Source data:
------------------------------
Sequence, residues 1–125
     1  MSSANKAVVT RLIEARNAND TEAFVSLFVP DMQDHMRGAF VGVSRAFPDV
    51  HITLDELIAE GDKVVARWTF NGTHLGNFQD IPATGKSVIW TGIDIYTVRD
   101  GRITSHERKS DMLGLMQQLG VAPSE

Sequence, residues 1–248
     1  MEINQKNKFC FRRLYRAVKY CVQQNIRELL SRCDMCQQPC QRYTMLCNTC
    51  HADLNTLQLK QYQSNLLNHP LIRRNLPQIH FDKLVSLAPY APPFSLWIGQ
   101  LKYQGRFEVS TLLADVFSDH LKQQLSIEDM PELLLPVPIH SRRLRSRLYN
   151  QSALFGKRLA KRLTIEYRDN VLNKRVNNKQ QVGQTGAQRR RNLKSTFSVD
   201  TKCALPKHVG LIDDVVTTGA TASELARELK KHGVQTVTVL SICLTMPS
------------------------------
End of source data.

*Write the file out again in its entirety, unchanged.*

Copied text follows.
Sequence, residues 1–125
     1  MSSANKAVVT RLIEARNAND TEAFVSLFVP DMQDHMRGAF VGVSRAFPDV
    51  HITLDELIAE GDKVVARWTF NGTHLGNFQD IPATGKSVIW TGIDIYTVRD
   101  GRITSHERKS DMLGLMQQLG VAPSE

Sequence, residues 1–248
     1  MEINQKNKFC FRRLYRAVKY CVQQNIRELL SRCDMCQQPC QRYTMLCNTC
    51  HADLNTLQLK QYQSNLLNHP LIRRNLPQIH FDKLVSLAPY APPFSLWIGQ
   101  LKYQGRFEVS TLLADVFSDH LKQQLSIEDM PELLLPVPIH SRRLRSRLYN
   151  QSALFGKRLA KRLTIEYRDN VLNKRVNNKQ QVGQTGAQRR RNLKSTFSVD
   201  TKCALPKHVG LIDDVVTTGA TASELARELK KHGVQTVTVL SICLTMPS